WLRN in Miami won large-market radio Murrows for feature reporting and use of sound. Chicago’s WBEZ also won for news documentary and hard-news reporting. The award for investigative reporting went to KQED and the Center for Investigative Reporting, both based in San Francisco, for “Broken Shield: Exposing Abuses at California Developmental Centers.”
More than 100 public radio stations have picked up the midday NPR news show Here & Now with its expansion to two hours July 1, many of them to fill the void left by the cancellation of NPR’s long-running call-in show Talk of the Nation.
Crisis coverage will stress several layers of a public station’s operating systems — from newsroom layout to editorial decision-making; from the flexibility of web-hosting services to interpersonal relationships among key staff members, each of whom will be asked to step up and work under conditions they have never faced.
In late May, WBUR published “Bad Chemistry: Annie Dookhan and the Massachusetts Drug Lab Crisis,” an online report on a former state chemist charged with falsifying drug test results for at least 34,000 legal cases.
For more than a decade, pubcasters have debated whether local stations can harness the power of the Internet. There has been no shortage of naysayers in this ongoing exchange, and, for a time, that side of the discussion seemed to be winning, for good reason.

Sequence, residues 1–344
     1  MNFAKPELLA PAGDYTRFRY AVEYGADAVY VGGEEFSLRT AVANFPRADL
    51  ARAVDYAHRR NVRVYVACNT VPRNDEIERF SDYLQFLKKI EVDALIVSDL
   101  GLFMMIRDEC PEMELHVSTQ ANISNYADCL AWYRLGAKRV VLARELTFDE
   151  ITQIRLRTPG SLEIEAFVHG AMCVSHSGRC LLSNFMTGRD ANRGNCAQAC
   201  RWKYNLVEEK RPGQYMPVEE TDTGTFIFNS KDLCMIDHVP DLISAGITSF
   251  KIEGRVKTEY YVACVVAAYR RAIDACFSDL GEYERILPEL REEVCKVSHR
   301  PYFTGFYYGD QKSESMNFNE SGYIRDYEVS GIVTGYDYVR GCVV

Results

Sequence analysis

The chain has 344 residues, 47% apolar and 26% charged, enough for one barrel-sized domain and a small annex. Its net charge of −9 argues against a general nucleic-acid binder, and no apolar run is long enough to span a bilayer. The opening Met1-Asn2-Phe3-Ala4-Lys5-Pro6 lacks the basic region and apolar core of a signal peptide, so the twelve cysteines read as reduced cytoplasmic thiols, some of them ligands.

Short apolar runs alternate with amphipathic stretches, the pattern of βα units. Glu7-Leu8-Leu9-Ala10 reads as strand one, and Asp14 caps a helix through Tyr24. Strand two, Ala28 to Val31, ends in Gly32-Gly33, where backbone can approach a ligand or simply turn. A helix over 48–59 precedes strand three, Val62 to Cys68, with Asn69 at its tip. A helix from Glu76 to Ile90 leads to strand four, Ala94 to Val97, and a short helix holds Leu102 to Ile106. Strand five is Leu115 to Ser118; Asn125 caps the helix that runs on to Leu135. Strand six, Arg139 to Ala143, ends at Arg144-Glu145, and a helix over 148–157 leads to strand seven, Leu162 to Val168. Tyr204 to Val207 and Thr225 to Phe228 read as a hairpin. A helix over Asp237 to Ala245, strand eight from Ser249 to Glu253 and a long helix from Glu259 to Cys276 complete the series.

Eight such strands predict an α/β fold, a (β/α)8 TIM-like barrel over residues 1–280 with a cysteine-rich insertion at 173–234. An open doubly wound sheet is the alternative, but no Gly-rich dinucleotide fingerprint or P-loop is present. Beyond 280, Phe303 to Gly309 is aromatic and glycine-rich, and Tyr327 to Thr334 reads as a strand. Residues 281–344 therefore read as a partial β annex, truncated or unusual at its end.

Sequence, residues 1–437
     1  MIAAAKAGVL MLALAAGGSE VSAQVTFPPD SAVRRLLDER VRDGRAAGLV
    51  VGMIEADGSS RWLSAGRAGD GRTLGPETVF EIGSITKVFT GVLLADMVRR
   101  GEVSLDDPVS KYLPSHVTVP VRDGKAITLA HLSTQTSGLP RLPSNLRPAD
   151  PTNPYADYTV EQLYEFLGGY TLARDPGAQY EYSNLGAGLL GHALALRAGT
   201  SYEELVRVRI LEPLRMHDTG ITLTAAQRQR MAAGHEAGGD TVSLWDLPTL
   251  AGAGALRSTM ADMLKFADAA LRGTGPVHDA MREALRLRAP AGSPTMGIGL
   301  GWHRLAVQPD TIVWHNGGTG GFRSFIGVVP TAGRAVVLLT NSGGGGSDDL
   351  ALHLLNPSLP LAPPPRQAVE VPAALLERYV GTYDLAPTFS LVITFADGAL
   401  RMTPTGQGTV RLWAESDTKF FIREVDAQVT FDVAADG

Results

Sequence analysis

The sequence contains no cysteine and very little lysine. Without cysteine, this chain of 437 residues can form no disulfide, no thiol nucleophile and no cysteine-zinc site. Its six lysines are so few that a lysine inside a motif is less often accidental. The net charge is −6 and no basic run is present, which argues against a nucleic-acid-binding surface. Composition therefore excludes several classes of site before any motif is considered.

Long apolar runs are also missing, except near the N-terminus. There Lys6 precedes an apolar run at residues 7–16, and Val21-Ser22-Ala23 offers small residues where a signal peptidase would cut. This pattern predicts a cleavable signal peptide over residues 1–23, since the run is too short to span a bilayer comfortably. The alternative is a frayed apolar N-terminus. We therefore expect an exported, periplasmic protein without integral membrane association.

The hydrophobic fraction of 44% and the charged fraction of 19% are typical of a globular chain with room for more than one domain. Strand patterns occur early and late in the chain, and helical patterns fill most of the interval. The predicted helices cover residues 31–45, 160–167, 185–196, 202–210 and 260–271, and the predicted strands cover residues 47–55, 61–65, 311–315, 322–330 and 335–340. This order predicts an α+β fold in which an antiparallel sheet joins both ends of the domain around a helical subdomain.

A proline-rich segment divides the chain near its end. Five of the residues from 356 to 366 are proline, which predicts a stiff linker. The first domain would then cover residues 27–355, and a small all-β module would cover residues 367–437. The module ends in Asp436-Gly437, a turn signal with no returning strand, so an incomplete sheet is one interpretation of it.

NPR stations won 82 large-market regional Murrow Awards, while small-market pubcasters captured 91. Among all stations, WLRN in Miami topped public radio’s regional winners by taking 11 awards in 13 Murrow categories: overall excellence, breaking news, continuing coverage, feature reporting, investigative reporting, news documentary, new series, hard-news reporting, use of sound, writing and website. “We feel thrilled and humbled by the honor,” said Dan Grech, news director. “I couldn’t be prouder of the team.”
Four additional large-market pubcasters each won six Murrows: KQED in San Francisco, WBEZ in Chicago, KUT in Austin and WBUR in Boston. And four large-market stations each won four Murrows: KUOW in Seattle; St.
Edgar B. Herwick III, a features reporter for WGBH, was enjoying his field assignment on that cool, sunny Monday, interviewing runners as they triumphantly crossed the finish line of the April 15 Boston Marathon.
This item has been updated and reposted with additional information. After more than two decades on the air, NPR’s Talk of the Nation will come to an end in June to make way for the newsmag Here & Now, which will be revamped under a new partnership between NPR and Boston’s WBUR-FM. Talk of the Nation will air its last episode June 28, ending a 21-year-long run. The call-in talk show has helped launch big names in public media, including original host John Hockenberry, This American Life’s Ira Glass and PBS NewsHour’s Ray Suarez. NPR Chief Content Officer Kinsey Wilson said the network decided to end Talk of the Nation because a newsmagazine might pull a bigger audience in midday.